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Marijuana plants grow in a greenhouse at the Los Suenos Farms facility in Avondale, Colorado, U.S., on Thursday, Feb. 25, 2016. About 938 dispensaries, which outnumber Starbucks in Colorado, in 2015 yielded $135 million in state taxes and fees, 44 percent more than a year earlier. Yet as the market enters its third year after voters legalized retail sales in 2012, officials question whether the newfound income outweighs the escalating social costs. Photographer: Matthew Staver/Bloomberg via Getty Images
Bloomberg—Bloomberg via Getty Images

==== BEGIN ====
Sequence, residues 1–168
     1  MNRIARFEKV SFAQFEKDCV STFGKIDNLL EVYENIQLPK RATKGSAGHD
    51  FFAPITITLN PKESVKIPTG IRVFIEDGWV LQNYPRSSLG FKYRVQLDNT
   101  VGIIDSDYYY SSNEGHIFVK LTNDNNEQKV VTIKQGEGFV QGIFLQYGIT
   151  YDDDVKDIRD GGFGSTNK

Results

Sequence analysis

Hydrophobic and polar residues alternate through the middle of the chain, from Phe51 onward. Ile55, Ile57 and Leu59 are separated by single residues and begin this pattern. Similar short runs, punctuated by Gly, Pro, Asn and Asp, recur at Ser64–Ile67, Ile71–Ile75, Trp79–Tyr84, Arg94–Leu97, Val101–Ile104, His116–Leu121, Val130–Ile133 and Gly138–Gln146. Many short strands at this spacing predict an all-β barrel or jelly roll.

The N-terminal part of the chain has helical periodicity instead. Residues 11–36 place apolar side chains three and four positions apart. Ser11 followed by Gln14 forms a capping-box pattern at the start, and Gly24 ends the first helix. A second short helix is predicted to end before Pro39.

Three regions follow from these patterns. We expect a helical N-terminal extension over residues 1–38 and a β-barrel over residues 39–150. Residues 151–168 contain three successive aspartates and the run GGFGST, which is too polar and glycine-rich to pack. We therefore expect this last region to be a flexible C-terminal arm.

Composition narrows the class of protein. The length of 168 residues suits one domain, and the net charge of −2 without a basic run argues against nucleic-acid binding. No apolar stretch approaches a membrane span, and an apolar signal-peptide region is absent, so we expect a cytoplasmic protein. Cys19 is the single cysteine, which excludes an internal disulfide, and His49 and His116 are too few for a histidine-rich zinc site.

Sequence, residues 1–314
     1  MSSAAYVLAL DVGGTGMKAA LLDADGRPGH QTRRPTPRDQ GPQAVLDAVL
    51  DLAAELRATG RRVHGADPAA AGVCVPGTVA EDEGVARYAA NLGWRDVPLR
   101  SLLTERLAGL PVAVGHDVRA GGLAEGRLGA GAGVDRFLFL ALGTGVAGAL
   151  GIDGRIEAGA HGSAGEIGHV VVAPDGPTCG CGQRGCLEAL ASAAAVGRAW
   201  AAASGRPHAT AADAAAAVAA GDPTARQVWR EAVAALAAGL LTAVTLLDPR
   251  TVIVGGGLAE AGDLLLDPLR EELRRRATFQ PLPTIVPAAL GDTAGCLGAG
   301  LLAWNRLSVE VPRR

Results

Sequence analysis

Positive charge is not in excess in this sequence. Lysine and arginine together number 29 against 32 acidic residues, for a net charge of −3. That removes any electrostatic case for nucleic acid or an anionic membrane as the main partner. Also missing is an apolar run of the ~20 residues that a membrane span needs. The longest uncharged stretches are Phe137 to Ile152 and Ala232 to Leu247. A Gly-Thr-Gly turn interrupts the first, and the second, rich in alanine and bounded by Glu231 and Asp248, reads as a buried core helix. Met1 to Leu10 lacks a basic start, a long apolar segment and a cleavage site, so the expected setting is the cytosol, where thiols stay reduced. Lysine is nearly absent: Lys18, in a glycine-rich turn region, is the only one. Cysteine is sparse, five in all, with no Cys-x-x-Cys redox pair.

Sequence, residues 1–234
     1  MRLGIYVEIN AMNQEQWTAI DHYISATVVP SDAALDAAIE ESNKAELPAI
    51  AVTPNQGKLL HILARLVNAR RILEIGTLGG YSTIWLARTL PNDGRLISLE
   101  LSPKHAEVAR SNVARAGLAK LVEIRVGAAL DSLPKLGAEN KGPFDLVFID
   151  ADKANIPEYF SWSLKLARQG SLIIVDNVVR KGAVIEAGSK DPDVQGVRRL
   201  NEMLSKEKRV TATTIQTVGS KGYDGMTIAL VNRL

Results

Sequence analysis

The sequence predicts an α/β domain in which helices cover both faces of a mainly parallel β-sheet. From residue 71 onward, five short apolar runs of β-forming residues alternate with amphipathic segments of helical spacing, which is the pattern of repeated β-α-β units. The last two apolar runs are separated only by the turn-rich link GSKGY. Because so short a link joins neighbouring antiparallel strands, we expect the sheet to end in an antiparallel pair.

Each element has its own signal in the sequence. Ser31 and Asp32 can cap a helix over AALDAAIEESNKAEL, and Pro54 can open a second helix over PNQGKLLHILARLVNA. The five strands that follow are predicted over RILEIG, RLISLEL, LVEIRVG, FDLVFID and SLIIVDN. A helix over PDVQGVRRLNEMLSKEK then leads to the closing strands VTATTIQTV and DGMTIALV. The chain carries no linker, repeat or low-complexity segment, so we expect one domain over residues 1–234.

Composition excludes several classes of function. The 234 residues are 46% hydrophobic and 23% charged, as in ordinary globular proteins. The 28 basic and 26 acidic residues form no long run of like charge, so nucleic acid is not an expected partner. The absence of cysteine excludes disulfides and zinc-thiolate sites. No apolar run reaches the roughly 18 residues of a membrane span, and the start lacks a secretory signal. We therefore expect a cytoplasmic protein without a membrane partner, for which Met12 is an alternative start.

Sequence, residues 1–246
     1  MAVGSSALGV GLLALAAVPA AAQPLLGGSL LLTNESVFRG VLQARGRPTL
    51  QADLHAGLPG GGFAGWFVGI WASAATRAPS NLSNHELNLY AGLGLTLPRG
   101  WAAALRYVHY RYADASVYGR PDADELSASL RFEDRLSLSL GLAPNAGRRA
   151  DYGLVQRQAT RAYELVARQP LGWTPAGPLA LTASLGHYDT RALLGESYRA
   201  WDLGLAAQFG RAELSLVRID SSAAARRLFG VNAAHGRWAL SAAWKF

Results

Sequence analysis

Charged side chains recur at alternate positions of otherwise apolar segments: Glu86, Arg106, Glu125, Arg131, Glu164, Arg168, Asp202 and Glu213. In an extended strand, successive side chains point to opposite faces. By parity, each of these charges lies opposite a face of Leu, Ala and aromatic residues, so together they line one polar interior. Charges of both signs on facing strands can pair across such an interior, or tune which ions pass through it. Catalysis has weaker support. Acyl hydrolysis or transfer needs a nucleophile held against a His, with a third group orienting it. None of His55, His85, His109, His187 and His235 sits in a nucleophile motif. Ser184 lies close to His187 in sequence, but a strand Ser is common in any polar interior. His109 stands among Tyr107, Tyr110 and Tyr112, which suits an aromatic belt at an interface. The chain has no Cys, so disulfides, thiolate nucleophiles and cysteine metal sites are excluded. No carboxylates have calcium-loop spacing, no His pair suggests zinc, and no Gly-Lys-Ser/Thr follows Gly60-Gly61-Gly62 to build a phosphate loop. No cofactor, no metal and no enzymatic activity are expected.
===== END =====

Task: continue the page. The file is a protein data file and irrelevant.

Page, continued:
Legal marijuana has become a big business for Colorado, with an impact of $2.39 billion in 2015 alone, according to a report released this week.

The cannabis industry is the fastest-growing business sector in the state, funding more than 18,000 direct and secondary full-time jobs in 2015, according to a report from the Marijuana Policy Group, a Denver-based research firm that consults on marijuana policy.

The group anticipates that Colorado’s marijuana industry will surpass tobacco by 2020 as a source of tax revenue.

While the future looks bright for Colorado’s pot industry, there may be a limit on growth that will be tested in the coming years. Cannabis sales are largely driven by buyers shifting from the black market, but the pot industry’s growth will slow down as more states legalize it and illegal sales end, according to the report.

While pot remains illegal federally, it has been legal in Colorado since January 2014.

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